Friday, January 19, 2007

The Tesla Roadster

Ah, yes, finally an electric car worthwhile. Some E-Com rich geeks decided that the auto companies were too slow in making a good electric car, so they teamed up with Lotus,and a bunch of other manufacturer's (motors, batteries, etc) to make the Tesla Roadster.

The biggest problem with electric cars is not that we can't make good enough motors and motor drives (which we can, as shown below), but the power source. This supercar's solution is to use a huge array of lithium ion batteries (as they have the best performance).

That's the motor that powers it. It produces a huge amount of power (about equivalent to a 300 HP engine).
However, it weights 70 lbs. It's motor drive stage (as you can see in the picture) is a fraction the size of the motor. Something the size of a watermelon can deliver the power of a gigantic truck engine, it just needs a 1000 lb bank of batteries to do it ;) However, if you like lots of "oomf" in your acceleration / starting torque, here's a comparison of standard internal combustion engines to the induction motor:

This means when you hit the pedal, your car lunges immediately. There's no lag in developing the torque, as with standard engines.

None of this is surprising; modern electric motor and electrical generators are about 95% efficient (the loses from converting mechanical to electrical and vice versa are mainly are due to resistance/heat dissipation in the motor windings.)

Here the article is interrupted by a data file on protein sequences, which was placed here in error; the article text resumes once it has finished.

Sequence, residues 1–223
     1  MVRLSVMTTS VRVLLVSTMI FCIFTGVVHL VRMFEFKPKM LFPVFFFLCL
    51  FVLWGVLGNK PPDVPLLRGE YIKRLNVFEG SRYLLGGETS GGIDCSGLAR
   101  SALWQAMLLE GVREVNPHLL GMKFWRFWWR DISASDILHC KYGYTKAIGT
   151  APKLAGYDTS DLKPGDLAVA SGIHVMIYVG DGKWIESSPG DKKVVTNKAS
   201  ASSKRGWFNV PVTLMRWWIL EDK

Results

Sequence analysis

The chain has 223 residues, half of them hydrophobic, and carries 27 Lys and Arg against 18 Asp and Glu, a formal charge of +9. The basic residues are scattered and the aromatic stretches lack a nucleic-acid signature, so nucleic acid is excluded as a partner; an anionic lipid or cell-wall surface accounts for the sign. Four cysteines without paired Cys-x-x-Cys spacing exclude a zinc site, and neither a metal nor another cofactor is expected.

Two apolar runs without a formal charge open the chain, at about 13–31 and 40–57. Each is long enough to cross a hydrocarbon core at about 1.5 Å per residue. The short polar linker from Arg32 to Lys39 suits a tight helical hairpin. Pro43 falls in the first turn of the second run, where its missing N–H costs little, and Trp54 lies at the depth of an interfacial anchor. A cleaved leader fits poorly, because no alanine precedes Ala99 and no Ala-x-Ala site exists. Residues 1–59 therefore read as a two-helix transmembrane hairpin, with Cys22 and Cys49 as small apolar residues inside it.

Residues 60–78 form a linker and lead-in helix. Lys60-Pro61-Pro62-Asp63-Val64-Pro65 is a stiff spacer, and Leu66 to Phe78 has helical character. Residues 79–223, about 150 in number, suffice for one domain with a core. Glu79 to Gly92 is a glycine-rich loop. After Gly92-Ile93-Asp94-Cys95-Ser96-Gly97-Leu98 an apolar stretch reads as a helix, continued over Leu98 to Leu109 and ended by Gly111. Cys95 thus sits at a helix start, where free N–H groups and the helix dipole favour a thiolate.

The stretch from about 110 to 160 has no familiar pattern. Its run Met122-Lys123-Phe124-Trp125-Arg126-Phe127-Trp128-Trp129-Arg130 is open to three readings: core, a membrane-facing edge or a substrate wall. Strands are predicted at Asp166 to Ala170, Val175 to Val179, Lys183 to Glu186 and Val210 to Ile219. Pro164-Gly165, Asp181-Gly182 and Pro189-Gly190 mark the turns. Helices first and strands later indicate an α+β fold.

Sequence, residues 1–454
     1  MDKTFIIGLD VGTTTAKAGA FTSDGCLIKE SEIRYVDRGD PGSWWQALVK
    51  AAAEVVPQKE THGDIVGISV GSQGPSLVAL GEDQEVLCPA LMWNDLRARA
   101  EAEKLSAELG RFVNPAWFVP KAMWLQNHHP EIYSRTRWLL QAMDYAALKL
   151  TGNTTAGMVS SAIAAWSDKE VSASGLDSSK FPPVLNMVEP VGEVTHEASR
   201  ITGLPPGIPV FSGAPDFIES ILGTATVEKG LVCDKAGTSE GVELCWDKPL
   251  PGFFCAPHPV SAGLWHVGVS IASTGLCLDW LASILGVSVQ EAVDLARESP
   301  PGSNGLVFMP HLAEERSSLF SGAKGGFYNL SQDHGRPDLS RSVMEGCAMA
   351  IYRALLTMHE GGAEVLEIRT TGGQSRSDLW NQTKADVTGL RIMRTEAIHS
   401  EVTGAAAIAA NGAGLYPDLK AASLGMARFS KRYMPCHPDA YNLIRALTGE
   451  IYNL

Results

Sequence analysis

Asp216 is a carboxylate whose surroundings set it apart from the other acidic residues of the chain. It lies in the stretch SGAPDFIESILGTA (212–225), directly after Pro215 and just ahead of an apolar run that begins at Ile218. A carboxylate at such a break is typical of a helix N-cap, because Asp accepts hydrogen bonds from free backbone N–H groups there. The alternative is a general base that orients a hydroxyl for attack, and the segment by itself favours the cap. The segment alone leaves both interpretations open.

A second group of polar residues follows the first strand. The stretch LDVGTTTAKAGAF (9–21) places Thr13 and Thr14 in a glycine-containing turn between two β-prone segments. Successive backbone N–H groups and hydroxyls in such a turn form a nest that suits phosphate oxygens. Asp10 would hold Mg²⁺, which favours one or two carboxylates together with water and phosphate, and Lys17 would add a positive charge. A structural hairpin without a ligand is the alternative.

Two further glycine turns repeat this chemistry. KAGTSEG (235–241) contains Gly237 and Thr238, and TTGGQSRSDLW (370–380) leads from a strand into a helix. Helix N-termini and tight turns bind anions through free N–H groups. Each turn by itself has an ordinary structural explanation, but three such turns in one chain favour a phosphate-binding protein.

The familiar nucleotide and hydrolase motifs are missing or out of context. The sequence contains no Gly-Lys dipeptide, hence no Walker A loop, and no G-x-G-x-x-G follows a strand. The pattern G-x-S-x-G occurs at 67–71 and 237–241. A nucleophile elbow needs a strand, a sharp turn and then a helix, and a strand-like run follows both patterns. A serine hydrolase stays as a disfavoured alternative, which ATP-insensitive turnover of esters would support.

Comparatively , gas engines are about 20% efficient.

Some argue electrical cars really don't "save power", as the power still comes from the grid, which comes predominantly from coal/oil (although a smaller percentage of the grid is powered by hydro, nuclear, and wind/other.)

However, the makers of the Tesla Roadster argue (which I think they are right), is that the whole electrical car process is still more efficient by a large margin.

Let's see.. the overall efficiency of the "electric car" takes into account the efficiency of the turbine/steam process, generation efficiency, and transmission losses, on the grid end, and then finally, the battery and motor efficiency on the car side of things. This is an uber rough estimate and probably makes a huge amount of assumptions, but what the hell:

Pefficiency= 0.65* 0.95 * 0.97 *0.90 * 0.95 =~ 50%

So, the whole process of the electric car is still 50%, twice that of the gasoline engine's 25% efficiency.

The problem with electric cars, ultimately, is still the battery. Sure, if you only use it for everyday driving and then recharge every night, no problem. What about road trips, though?

The answer lies in an energy storage device that can be very quickly recharged (ie not current battery technologies.) If your "battery" could be recharged in a matter of seconds/minutes, no one would mind, gas takes that long too! :)


At 2:50 p.m., Blogger James said...

That's pretty cool. It seems the big money right now would be in efficient storage of energy. If someone found a way to store lots of energy in a much more compact form, they'd be rich beyond their wildest dreams. Unless of course the oil companies found out first and killed the person...not that they'd do anything like that :)


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